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What is Equal Pay Day and what work still needs to be done?

Equal Pay Day symbolizes how much longer it takes for women to make the same income as a man from the year before.

AUSTIN, Texas — March 14 is recognized as Equal Pay Day, a day to highlight the issues that relate to the gender wage gap.

Equal Pay Day symbolizes how much longer it takes for women to make the same income as a man from the year before. After every number is compiled, it would take women two and a half months to catch up to the national average salary of men.

According to recent data from the Chamber of Commerce, Austin ranks No. 13 in the nation for the largest gender pay gaps. Austin’s gender pay gap is $20,516, which is 87% higher than the national average of $11,165.

To put into perspective, the data showed that the median earnings for men in Austin came in at $77,464, whereas the median earnings for women in Austin was $56,948.

Christen Smith, director for the Center for Women’s and Gender Studies at The University of Texas at Austin, said most women don’t even know they’re earning less than their male counterparts. Due to that, raising awareness and recognizing the issue is key.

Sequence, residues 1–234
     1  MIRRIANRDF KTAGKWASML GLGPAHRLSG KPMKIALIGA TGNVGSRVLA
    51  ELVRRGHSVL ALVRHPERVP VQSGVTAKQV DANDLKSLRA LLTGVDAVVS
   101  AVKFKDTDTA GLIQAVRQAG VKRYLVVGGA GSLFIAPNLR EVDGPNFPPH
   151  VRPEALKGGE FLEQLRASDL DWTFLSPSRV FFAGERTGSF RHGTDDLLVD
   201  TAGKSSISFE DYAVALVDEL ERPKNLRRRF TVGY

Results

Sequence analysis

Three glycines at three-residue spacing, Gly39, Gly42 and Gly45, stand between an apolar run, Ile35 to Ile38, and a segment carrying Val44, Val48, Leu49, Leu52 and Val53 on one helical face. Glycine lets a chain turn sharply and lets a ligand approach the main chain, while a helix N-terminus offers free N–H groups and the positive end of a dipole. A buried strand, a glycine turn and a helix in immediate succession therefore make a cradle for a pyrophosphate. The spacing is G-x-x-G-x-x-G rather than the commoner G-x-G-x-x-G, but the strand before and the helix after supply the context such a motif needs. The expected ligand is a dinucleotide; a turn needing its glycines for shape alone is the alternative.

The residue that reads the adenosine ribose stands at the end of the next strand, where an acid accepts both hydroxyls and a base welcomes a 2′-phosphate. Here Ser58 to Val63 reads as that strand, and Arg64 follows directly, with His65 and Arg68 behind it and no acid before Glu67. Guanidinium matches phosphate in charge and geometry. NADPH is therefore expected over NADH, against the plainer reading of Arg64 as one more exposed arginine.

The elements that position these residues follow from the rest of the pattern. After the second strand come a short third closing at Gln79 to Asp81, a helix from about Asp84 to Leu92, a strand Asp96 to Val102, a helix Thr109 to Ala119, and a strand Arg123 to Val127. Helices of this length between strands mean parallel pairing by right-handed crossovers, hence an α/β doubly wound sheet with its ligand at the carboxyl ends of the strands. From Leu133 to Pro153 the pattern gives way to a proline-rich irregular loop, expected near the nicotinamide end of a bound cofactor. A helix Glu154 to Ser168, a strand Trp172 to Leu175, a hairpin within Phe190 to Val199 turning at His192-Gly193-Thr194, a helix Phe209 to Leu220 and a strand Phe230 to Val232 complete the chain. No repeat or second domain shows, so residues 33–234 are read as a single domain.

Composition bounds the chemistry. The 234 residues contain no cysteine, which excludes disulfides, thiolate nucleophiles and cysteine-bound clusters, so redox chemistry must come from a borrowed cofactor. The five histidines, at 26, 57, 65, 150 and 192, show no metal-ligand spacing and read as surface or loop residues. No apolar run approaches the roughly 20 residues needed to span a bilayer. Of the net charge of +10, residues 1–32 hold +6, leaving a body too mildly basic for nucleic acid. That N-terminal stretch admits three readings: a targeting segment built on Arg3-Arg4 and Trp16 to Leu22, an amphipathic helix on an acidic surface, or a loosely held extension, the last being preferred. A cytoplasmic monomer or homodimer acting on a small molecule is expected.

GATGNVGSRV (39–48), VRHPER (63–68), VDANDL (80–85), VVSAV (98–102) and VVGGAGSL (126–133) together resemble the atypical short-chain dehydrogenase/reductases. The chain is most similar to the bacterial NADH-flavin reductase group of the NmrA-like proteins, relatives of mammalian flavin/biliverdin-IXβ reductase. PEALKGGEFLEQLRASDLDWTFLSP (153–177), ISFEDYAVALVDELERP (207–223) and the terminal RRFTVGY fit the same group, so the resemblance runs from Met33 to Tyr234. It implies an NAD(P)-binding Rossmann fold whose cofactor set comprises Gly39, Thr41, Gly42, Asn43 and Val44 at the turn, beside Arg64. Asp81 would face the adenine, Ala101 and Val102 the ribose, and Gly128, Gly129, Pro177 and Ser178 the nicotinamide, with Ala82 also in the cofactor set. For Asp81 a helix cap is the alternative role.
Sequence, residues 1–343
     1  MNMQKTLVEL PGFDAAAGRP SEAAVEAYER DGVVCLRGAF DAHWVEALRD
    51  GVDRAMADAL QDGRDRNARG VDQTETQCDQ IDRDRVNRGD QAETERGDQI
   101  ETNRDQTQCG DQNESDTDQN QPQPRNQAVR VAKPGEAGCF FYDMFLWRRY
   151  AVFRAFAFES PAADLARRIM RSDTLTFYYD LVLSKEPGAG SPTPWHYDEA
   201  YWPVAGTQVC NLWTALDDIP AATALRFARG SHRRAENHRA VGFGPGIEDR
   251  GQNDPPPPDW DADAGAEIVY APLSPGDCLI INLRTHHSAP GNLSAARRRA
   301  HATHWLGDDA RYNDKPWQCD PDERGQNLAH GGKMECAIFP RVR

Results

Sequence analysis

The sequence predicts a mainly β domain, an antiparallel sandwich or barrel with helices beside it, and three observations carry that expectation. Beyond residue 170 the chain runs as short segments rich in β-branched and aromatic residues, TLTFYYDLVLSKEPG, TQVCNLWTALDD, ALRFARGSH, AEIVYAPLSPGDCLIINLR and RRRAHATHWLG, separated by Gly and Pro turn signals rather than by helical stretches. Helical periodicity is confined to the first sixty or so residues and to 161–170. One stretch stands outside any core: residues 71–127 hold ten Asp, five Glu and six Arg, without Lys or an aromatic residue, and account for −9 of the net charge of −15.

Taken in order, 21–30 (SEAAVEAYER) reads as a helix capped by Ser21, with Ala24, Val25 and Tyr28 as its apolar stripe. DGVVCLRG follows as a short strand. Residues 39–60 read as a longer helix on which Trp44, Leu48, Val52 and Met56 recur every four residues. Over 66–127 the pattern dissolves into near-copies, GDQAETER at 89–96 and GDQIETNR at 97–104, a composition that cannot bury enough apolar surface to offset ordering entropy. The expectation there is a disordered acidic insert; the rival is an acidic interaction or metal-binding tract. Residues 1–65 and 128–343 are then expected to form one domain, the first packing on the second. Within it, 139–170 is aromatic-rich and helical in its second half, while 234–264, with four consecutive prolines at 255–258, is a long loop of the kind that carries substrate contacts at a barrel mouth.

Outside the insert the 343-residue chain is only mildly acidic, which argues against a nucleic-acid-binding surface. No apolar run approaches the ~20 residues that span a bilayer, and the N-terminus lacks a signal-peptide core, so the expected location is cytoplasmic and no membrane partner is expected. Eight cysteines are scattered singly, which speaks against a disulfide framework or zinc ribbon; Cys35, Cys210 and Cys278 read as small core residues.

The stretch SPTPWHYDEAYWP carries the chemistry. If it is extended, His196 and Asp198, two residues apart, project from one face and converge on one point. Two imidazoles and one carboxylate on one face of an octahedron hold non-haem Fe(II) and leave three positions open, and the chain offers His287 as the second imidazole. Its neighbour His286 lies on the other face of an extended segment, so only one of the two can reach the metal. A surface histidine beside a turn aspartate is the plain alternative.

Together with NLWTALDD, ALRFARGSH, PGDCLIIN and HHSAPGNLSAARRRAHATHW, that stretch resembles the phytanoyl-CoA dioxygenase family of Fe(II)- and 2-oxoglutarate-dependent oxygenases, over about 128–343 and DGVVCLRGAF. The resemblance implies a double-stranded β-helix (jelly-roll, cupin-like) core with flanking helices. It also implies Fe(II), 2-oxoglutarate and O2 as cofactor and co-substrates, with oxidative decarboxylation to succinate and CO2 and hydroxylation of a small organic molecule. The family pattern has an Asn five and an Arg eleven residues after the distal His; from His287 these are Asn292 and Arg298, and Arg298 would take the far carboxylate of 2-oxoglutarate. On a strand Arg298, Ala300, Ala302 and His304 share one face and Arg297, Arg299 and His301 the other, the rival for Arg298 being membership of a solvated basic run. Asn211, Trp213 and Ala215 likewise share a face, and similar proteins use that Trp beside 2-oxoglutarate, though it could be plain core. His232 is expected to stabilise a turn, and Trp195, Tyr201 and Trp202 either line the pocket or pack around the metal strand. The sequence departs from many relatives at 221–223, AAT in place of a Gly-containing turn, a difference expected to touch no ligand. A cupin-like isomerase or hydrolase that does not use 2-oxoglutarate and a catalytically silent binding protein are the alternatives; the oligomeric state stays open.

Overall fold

"There's no reason why people with equal qualifications should not be paid equally. That's basically what we're talking about here. We're talking about people who have the same training, the same education, and many times we know women and particularly women of color have more education and more training and are getting less nevertheless. So we need to pay attention to it," Smith said. 

Smith explained that there also needs to be change in polices and practices around hiring and negotiation. Employers need to be told what it means to pay people equally. 

"We have to recognize that when we talk about $0.83 on the dollar, we're talking about women overall. When we think about Black women, Black women earn about half of what white women earn nationally. That is absolutely appalling when you think about it. The wealth gap, when we think intersectionality or when we think about race and gender together impacts Black and Latino women disproportionately," said Smith. 

According to a CNN Business report, the pay gap has been shrinking, albeit slowly, over the past two decades. Equal Pay Day, started in 1996 by the National Committee on Pay Equity, now arrives close to month earlier than it used to. Back in 2005, Equal Pay Day was April 19.

However, according to Smith, those that want to see change should put pressure on local and state governments to consider policies surrounding equal pay. Additionally, people should pay attention to how we as a society are acting on this everyday.

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